VMS Darwin Days Event

NDSU Microbiology
by NDSU Microbiology

Charles Darwin, naturalist, scholar, and explorer, was born on February 12, 1809, and scientists across the globe continue to celebrate his achievements. Our department will contribute to the Darwin Days events by showing three TED talks related to the evolution of microbes, disease, and immune responses, and the directed evolution of viruses for energy production. Following these clips will be a discussion on evolution as it relates to microbiology in general and the research we do in VMS specifically. Everyone is welcome to participate in this discussion on Thursday, February 14 at 11 a.m. in Van Es 101.

In addition to the discussion VMS will sponsor, the Departments of Biological Sciences and Geosciences, College of Science and Mathematics, and the Environmental and Conservation Sciences Graduate Program are sponsoring many additional events:

Tuesday. February 12

The History of Life Recorded in the Rocks (especially in North Dakota) Adam Lewis, Ph.D., Department of Geosciences, NDSU 7-8 p.m., Fargo Public Library – Main Library 102 3rd St. N.

Thursday. February 14

Hall of Biodiversity Noon-4:30 p.m., Memorial Union Meadowlark room

Movie: Intelligent Design on Trial 12:30-2:30 p.m., Memorial Union Century Theater

Celebrate Darwin’s Birthday with Cake 2:30-3 p.m., Memorial Union Butte Lounge

Sharks, Sandlance and Sticky Fish – Adventures in Biomechanics Adam Summers, Ph.D., Friday Harbor Laboratory, University of Washington 3-4 p.m., Memorial Union Century Theater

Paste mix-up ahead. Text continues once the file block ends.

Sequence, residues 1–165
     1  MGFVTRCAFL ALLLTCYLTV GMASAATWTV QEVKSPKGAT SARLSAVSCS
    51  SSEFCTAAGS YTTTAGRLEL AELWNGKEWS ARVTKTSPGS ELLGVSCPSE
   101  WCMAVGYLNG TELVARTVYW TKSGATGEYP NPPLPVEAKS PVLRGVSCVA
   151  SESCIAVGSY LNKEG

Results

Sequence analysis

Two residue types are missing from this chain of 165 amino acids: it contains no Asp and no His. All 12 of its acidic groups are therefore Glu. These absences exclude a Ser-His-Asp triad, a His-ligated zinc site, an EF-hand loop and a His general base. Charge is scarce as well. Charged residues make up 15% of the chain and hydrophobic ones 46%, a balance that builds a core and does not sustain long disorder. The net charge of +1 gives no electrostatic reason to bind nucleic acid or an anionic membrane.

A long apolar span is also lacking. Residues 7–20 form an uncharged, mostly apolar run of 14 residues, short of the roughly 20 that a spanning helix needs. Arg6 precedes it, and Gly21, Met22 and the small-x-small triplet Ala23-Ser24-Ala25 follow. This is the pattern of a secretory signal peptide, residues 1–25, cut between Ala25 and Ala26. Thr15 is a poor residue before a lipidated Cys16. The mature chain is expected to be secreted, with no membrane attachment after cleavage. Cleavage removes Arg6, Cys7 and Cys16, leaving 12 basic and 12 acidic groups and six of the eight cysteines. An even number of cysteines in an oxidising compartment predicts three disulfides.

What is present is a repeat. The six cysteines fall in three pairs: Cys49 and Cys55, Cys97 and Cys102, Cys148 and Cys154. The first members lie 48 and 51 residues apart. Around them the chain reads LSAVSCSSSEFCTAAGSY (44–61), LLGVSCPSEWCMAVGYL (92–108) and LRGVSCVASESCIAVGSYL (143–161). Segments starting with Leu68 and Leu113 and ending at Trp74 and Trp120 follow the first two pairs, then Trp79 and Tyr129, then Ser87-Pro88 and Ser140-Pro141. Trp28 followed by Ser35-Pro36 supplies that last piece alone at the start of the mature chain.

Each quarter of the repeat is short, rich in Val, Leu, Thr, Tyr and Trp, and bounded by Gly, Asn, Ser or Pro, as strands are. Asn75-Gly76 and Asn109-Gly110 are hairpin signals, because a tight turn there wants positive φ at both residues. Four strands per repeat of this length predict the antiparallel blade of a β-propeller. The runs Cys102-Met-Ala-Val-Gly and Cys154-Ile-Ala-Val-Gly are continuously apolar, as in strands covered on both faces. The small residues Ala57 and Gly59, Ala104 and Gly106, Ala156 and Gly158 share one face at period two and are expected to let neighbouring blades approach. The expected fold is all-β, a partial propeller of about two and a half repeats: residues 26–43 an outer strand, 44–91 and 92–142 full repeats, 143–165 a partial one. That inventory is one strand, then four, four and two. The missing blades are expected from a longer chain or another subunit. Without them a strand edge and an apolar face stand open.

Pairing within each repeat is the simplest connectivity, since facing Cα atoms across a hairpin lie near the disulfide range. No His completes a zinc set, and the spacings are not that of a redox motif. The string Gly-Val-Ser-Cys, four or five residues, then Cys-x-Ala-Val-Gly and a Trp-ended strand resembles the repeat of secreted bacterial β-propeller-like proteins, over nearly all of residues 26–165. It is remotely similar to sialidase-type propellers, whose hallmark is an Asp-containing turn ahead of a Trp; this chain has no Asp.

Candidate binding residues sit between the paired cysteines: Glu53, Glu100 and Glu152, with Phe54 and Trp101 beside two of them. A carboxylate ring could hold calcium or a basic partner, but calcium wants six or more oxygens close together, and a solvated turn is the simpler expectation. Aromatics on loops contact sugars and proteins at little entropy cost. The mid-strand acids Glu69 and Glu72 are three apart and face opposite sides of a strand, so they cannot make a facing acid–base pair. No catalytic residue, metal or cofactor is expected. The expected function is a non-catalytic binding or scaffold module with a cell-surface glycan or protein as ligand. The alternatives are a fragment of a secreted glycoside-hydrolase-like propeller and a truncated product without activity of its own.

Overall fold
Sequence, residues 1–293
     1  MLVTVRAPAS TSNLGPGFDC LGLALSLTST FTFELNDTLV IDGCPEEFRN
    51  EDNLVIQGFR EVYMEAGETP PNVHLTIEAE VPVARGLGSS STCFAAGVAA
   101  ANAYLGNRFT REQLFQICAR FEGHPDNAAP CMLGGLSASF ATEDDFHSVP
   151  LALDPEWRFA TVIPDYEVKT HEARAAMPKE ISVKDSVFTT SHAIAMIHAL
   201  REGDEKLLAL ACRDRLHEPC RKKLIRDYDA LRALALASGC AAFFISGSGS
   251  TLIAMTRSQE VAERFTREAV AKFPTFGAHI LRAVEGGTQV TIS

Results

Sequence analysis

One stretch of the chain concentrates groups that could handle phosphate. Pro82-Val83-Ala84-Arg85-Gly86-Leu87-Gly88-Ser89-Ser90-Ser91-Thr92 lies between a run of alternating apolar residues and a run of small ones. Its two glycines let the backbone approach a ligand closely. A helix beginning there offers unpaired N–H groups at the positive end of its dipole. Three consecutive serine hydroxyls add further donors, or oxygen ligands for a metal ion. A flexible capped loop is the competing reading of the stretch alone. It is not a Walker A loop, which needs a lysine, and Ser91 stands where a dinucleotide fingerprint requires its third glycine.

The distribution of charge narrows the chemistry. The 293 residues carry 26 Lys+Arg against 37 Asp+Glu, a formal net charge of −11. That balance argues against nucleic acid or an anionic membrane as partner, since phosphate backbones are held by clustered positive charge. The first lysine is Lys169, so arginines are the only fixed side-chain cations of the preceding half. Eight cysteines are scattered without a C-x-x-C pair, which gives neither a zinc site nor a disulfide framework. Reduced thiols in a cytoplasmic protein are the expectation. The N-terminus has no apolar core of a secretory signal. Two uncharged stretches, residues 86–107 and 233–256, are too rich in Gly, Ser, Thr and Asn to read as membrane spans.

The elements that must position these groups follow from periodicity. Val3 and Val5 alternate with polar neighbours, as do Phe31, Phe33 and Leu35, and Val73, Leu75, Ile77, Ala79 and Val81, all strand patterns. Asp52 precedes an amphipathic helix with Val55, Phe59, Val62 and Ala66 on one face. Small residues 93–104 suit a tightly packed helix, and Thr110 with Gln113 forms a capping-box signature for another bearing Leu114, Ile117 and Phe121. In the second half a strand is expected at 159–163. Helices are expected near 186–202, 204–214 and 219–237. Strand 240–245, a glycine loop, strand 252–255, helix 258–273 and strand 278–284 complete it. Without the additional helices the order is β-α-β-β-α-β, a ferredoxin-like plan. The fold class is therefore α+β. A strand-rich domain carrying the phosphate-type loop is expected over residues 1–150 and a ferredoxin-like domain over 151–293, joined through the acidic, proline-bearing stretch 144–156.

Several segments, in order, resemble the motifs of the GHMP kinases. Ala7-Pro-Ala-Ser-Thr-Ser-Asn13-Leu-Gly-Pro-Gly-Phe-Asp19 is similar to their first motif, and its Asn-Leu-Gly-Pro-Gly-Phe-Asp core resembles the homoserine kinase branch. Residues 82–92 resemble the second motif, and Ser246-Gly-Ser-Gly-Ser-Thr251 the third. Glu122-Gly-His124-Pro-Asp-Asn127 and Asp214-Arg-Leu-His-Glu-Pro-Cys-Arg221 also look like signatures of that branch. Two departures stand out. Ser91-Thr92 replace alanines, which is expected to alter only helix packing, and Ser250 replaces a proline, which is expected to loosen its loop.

Surfing Cambrian Coasts James Hagadorn, Ph.D., Denver Museum of Nature and Science 5-6 p.m., Stevens 136, pizza will be served

Darwin was a 19th century British naturalist best known for his theory of evolution by natural selection. It wasn’t an idea that came quickly or obviously. Instead, it was a notion that developed over two decades and was informed by many things, such as: (1) Principles of Geology by Charles Lyell (2) Thomas Malthus’s ideas on population, including his observation that plants and animals often overproduce offspring (3) Darwin’s collaboration with fellow naturalist Alfred Russel Wallace and, perhaps most significantly, (4) Darwin’s observations of finches in the Galapagos Islands. It was a five year scientific expedition aboard the HMS Beagle that brought him to the islands, 500 miles west of South America. Here, he recognized that each island supported a unique form of finch, but that there also seemed to be some relatedness between all the finches.

Darwin and Wallace announced a theory of evolution by natural selection in 1858, and in the following year, Darwin published On the Origin of Species by Means of Natural Selection. It would initially be a controversial hypothesis, but has since become the “new orthodoxy” for explaining and understanding the diversity of life.